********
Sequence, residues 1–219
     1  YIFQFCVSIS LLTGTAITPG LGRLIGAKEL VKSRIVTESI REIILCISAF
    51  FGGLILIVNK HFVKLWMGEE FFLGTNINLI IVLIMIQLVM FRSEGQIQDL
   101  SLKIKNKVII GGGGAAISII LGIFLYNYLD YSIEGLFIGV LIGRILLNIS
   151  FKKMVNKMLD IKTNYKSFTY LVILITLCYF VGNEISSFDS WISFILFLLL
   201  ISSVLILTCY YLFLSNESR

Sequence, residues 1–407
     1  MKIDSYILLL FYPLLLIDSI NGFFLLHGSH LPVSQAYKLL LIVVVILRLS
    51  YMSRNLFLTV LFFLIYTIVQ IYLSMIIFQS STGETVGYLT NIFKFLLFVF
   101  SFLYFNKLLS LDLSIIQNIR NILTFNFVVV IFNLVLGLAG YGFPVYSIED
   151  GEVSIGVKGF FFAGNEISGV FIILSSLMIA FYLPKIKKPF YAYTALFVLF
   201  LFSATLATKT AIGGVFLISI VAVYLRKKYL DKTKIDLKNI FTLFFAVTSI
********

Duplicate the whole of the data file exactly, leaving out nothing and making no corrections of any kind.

Sequence, residues 1–219
     1  YIFQFCVSIS LLTGTAITPG LGRLIGAKEL VKSRIVTESI REIILCISAF
    51  FGGLILIVNK HFVKLWMGEE FFLGTNINLI IVLIMIQLVM FRSEGQIQDL
   101  SLKIKNKVII GGGGAAISII LGIFLYNYLD YSIEGLFIGV LIGRILLNIS
   151  FKKMVNKMLD IKTNYKSFTY LVILITLCYF VGNEISSFDS WISFILFLLL
   201  ISSVLILTCY YLFLSNESR

Sequence, residues 1–407
     1  MKIDSYILLL FYPLLLIDSI NGFFLLHGSH LPVSQAYKLL LIVVVILRLS
    51  YMSRNLFLTV LFFLIYTIVQ IYLSMIIFQS STGETVGYLT NIFKFLLFVF
   101  SFLYFNKLLS LDLSIIQNIR NILTFNFVVV IFNLVLGLAG YGFPVYSIED
   151  GEVSIGVKGF FFAGNEISGV FIILSSLMIA FYLPKIKKPF YAYTALFVLF
   201  LFSATLATKT AIGGVFLISI VAVYLRKKYL DKTKIDLKNI FTLFFAVTSI